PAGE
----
We had plans to post something completely different today, but our plans quickly changed when we came across this series of photographs taken by Flickr user Furryscaly. Before you go any further, here's a warning: if you happen to be eating, you might want to come back later.  

Now, we're probably betraying a huge gap in our collective entomological knowledge here, but most of us were under the (blissful) impression that cockroaches laid eggs and did not give birth to a mass of wriggling and ghostly pale mini-me's. How wrong we were... 

It turns out that the Madagascar hissing cockroach carries her 30-60 eggs inside an internal ootheca (or egg case) – for an unusually protracted two months. Newborn nymphs only emerge from the mother once the eggs have hatched inside her (a mode of reproduction known as ovoviviparity). And while this strategy may be rare for roaches, the Madagascar hissers are not alone. Now, take a moment to steel yourself ... and behold the live cockroach birth you'll probably never forget.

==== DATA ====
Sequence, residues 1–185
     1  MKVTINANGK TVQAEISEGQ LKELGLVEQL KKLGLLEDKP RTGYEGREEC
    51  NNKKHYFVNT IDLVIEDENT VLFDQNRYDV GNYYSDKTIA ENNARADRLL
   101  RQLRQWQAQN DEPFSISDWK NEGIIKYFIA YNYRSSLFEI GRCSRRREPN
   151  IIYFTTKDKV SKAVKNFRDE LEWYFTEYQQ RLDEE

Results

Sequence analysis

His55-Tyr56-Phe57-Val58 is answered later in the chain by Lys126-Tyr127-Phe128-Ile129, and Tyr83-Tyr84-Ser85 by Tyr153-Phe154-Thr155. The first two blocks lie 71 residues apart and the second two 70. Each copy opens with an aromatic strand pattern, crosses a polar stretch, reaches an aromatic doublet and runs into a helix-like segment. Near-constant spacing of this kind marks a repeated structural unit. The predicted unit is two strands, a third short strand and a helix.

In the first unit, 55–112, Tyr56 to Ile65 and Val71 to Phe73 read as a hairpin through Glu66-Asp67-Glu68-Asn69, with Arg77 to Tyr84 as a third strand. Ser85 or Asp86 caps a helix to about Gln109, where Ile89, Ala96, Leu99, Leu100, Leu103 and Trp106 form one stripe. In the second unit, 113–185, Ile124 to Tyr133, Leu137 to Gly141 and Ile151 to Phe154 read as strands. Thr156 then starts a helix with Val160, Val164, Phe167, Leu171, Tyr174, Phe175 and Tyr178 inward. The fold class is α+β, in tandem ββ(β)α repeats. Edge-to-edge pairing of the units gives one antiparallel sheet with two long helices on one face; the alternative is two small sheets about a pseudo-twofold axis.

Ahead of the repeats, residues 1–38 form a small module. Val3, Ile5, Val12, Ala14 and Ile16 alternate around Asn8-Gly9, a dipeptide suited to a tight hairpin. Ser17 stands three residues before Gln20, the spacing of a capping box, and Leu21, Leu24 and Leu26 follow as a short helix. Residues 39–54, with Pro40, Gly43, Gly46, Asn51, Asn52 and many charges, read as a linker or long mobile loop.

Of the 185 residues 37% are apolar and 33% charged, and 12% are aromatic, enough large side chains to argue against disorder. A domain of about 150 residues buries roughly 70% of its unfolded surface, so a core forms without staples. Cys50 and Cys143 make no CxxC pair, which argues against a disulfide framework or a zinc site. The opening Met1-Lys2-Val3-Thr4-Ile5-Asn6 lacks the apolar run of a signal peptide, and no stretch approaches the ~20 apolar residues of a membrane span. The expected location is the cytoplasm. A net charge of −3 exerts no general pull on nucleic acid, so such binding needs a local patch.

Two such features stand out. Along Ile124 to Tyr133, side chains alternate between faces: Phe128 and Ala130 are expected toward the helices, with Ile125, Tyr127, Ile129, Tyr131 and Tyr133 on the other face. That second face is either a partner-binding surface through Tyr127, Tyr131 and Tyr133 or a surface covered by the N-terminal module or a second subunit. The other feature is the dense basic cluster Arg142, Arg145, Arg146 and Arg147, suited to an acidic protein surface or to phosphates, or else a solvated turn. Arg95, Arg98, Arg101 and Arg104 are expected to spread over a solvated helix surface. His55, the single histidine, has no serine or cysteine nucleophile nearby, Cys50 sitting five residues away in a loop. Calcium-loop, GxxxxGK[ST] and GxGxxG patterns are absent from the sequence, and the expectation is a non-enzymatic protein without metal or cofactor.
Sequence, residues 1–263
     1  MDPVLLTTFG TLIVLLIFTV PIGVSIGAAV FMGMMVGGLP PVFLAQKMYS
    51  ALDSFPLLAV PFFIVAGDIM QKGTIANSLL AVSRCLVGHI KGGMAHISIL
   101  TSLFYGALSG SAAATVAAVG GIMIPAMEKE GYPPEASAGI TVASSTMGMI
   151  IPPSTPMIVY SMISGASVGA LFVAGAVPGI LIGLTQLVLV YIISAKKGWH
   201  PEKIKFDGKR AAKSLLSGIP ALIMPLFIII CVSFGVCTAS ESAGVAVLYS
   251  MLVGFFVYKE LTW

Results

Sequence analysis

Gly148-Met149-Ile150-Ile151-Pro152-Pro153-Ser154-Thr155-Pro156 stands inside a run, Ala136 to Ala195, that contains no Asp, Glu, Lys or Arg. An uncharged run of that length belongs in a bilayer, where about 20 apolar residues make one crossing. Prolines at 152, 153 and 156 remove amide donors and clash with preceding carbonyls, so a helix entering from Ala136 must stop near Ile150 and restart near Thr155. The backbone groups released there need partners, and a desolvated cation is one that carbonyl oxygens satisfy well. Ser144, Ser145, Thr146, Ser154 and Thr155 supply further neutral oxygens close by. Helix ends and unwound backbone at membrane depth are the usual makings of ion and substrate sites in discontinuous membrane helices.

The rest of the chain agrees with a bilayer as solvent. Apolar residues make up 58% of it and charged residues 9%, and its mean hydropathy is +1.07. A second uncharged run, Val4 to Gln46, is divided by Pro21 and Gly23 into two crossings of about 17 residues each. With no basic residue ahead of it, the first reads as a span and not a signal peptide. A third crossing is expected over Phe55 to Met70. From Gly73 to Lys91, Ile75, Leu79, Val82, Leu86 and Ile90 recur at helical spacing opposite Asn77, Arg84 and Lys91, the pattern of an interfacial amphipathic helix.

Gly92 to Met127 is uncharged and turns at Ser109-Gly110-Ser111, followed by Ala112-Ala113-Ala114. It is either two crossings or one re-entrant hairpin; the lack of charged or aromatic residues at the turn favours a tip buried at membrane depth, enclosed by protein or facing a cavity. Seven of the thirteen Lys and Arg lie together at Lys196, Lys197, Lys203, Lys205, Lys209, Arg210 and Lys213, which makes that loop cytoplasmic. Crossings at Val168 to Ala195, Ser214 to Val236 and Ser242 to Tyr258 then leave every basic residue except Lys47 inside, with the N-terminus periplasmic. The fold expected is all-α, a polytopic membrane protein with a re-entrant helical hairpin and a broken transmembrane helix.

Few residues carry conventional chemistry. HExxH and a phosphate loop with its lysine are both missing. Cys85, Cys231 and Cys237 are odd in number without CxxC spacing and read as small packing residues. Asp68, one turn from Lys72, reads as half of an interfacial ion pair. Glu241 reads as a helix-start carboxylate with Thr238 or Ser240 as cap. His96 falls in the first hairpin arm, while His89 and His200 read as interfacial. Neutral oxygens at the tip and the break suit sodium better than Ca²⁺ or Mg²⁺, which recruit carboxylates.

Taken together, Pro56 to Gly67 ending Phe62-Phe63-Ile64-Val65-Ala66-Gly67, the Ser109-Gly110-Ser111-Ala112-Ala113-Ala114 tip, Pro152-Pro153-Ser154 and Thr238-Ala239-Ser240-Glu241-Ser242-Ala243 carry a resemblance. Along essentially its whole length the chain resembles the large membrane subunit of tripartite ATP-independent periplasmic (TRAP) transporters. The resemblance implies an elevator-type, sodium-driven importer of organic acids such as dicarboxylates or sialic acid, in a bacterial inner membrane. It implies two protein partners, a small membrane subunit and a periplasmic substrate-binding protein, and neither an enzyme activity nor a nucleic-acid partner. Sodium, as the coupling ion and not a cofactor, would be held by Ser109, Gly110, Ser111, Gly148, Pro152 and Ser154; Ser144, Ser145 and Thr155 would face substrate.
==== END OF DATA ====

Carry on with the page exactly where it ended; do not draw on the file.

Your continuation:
Previous Next Live cockroach birth 01 View Slideshow

And just because we know there's nothing like watching a roach birth in all of its riveting motion, here's a little video:

Video credit: PenanggalanMonster

Should you feel that you've not yet exceeded your disgusting-yet-so-fascinating quota for the day, then move right along to Video Number 2, in which mother roach appears to secrete some kind of substance (the egg case?), which certainly meets with the youngsters' approval (we welcome suggestions as to what it may be). 

Video credit: PenanggalanMonster